Fall into nation’s festivals

Just when I feared it was time to stow my suitcase and bid farewell to great summer getaways, I received an invitationto attend the annualLima Bean Festival in West Cape May, N.J.

Held on Columbus Day weekend, this tribute to the pale green lima is one of many fall fairs celebrating seasonal and some not-so-seasonal foods. Come autumn, festivals extolling the joys of okra, pears and rutabaga sprout up across the United States. I can think of no better excuse for heading back out than to explore America’s countryside and cuisines.

Living in the Northeast, I don’t have to travel far to find a culinary happening. In September, I can hit the Kennett Square Mushroom Festival, the McClure Bean Soup Festival and the New Bethlehem Peanut Butter Festival without leaving Pennsylvania.

Driving a bit farther north, I can enjoy the Saugerties, N.Y., homage to homegrown garlic at the Hudson Valley Garlic Festival. Heading south, I can participate in the Long Beach Island, N.J., Chowderfest Weekend, a celebration of local clams and clam chowder held the Saturday and Sunday before Columbus Day weekend.

Eager to experience a quirkier kind of food fest, I blocked off Labor Day weekend for a trip to the Midwest and the Ligonier, Ind., Marshmallow Festival. Each year, the three-day event attracts about 25,000 visitors to the northern Indiana town of 4,400.

Ligonier may lay claim to the 15-year-old jubilee, but credit goes to the ancient Egyptians for creating the marshmallow. To craft the confection, they combined honey with sap from marsh mallow plants. Hence the name marshmallow.

Despite the marshmallow’s ancient past, Ligonier’s gala includes an array of modern-day activities. Along with carnival rides, live music, a marshmallow dessert contest and massive marshmallow roast, the festival also has the world’s largest marshmallow, according to Glenn Longardner, Ligonier City Council member and treasurer of the Marshmallow Festival.

“I used to tell people we had a 207-pound marshmallow downtown and it wasn’t the new mayor,” said Mr. Longardner, who served as mayor during the festival’s early years. He added that Ligonier’s heftiest marshmallow, constructed in 1995, weighed more than 2,900 pounds.

Also claiming to have the world’s largest something, the Whole Enchilada Fiesta in Las Cruces, N.M., features mankind’s ultimate flat enchilada. Assembled on site and dished out to the hungry masses, the mammoth three-layer corn tortilla measures 10 feet in diameter. It tips the scale at more than 1,000 pounds, including 175 pounds of grated cheese and 50 pounds of chopped onion. The fiesta takes place the last weekend of September.

My passion for peanut butter may draw me to the South in fall. Plains, Ga., the birthplace and home of President Jimmy Carter, holds its annual salute to peanut production on the fourth weekend in September. Suffolk, Va., recognizes its agricultural history with a four-day fair and peanut-butter-sculpting contest Oct. 11 through 14. The Brundidge, Ala., Peanut Butter Festival, billed as a tribute to the farmers of the area, takes place on the last Saturday in October.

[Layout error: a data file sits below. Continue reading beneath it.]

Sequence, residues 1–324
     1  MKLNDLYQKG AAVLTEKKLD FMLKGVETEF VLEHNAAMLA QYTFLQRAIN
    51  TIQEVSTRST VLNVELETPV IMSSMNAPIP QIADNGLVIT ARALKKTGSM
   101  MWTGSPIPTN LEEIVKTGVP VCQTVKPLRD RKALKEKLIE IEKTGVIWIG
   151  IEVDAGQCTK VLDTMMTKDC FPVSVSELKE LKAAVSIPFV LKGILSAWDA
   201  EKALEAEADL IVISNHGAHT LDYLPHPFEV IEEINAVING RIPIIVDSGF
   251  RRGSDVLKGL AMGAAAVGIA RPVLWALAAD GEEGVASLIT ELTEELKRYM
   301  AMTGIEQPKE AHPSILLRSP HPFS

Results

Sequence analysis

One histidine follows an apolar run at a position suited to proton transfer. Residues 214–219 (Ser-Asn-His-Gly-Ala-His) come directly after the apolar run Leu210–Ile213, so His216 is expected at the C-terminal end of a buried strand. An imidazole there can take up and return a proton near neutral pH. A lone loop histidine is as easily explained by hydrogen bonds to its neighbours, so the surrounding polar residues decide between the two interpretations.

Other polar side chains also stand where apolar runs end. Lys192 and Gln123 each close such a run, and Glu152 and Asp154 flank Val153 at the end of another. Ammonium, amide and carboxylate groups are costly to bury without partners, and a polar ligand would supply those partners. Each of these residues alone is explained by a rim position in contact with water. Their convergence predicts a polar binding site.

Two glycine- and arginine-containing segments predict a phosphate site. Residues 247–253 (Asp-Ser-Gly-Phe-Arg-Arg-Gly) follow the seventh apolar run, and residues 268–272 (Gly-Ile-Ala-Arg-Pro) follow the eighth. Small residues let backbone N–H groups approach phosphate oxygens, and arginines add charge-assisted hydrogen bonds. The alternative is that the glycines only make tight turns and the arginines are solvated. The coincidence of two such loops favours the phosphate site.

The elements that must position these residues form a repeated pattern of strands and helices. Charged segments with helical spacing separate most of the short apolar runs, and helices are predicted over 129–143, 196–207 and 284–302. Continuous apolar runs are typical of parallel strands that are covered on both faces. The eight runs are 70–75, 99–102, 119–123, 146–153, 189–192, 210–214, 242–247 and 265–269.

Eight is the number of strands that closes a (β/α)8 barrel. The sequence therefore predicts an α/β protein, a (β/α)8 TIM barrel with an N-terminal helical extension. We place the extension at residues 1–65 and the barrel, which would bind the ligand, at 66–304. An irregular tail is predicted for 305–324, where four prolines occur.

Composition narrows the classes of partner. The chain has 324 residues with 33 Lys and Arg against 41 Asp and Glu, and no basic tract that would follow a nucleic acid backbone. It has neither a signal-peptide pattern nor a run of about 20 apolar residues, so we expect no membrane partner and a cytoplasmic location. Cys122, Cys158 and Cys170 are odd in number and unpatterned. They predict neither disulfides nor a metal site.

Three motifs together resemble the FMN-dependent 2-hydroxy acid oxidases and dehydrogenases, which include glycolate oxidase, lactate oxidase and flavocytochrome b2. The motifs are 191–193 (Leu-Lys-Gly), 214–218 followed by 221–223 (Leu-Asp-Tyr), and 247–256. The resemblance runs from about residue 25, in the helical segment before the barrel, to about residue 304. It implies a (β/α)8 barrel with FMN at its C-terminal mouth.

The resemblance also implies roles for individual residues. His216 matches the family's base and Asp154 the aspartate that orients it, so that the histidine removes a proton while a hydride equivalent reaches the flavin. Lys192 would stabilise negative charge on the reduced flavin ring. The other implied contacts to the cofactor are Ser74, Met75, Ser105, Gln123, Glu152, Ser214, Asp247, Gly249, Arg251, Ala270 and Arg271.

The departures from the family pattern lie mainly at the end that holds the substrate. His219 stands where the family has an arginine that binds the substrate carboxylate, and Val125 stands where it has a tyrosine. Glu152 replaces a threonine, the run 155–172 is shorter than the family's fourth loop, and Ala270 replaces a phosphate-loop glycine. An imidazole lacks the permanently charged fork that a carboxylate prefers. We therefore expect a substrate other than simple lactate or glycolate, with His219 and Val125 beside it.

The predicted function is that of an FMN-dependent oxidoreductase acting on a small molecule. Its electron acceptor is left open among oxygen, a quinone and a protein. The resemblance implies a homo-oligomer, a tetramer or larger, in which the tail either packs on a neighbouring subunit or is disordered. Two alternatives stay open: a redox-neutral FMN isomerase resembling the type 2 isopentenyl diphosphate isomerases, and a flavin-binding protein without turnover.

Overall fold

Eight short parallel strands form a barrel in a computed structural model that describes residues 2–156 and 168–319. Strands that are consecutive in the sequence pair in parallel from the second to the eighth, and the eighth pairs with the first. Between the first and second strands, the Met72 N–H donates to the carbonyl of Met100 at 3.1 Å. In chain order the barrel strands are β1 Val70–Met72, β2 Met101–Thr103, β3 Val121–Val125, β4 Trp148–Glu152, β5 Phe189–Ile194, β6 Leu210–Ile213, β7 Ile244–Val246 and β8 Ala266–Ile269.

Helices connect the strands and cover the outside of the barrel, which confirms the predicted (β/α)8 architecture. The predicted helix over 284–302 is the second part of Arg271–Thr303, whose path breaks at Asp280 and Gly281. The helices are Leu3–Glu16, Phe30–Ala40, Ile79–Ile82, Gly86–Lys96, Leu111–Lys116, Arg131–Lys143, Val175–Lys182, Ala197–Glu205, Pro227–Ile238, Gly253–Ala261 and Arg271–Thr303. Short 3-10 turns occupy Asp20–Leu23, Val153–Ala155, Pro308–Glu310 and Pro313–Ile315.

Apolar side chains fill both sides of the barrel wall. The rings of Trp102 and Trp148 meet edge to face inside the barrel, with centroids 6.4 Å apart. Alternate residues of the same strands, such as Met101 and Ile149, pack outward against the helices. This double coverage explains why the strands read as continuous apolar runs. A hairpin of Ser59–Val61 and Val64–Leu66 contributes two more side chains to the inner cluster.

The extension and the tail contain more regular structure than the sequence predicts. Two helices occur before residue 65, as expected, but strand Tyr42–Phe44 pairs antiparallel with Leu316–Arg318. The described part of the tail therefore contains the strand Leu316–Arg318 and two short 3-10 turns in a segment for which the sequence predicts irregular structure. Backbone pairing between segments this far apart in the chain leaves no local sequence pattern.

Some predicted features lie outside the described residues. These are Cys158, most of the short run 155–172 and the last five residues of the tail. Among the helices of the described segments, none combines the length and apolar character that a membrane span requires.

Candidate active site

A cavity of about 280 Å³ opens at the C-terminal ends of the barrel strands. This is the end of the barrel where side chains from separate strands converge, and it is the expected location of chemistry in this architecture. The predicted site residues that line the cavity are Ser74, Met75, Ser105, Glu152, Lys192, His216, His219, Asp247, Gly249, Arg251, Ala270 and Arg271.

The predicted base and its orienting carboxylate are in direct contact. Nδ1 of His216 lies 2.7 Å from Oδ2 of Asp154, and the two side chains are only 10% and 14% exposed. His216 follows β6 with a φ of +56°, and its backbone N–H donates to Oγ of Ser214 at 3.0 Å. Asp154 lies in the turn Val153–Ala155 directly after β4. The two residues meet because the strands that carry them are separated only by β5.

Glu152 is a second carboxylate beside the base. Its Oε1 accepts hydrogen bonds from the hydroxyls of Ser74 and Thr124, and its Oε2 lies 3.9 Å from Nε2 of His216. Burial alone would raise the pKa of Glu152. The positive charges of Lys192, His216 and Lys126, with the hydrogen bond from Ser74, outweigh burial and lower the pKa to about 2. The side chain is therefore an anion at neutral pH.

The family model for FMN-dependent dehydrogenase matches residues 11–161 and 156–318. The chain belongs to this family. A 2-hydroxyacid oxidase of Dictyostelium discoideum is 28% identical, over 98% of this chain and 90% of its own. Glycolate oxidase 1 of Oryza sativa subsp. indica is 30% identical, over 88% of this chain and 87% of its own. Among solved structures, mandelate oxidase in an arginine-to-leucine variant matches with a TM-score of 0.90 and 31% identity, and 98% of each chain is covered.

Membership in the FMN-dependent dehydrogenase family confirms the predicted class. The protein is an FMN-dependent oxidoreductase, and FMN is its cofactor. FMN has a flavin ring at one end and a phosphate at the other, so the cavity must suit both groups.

“We have peanut-butter finger sandwiches with peanut butter and pickles, banana, apple, honey, marshmallow and even baloney. The festival favorite, though, is fried peanuts. They are delicious,” said Delatha Mobley, chairman of the Brundidge peanut-butter recipe contest.

Along with the requisite baking contest, the festival includes peanut boiling and roasting, grinding your own peanut butter and Alabama’s largest peanut-butter-and jelly sandwich.

Along the West Coast, fairs honor everything from sausage in Everett, Wash., to abalone in Mendocino, Calif. In California in early September, you can eat your way through celebrations of chocolate in San Francisco and lemons in Ventura on Sept. 8; tomatoes in Carmel, lobsters in San Pedro or wine in San Jose on Sept. 15; and Danish food in Solvang from Sept. 21 through 23. Granted, you may return looking like Jabba the Hutt, but that may be a risk worth taking.

To end the feasting on a healthier note, you could stop by the Kelseyville Pear Festival. Begun 15 years ago as a nod to California pear farmers, the festival includes pear cooking demonstrations, a 4-course pear dinner, pear tastings and a pear packing competition, according to festival chairman Marilyn Holdenried.

Though food remains the main and obvious attraction of these events, historical exhibits and tours of farms, orchards and vineyards may be an enticement to some tourists. Of her trip to last year’s mushroom festival, Connie Ritchey of the Norristown, Pa., St. John’s Soup Kitchen said, “I particularly enjoyed the tour of the mushroom growing factory, complete with lecture and nifty surgical caps.”

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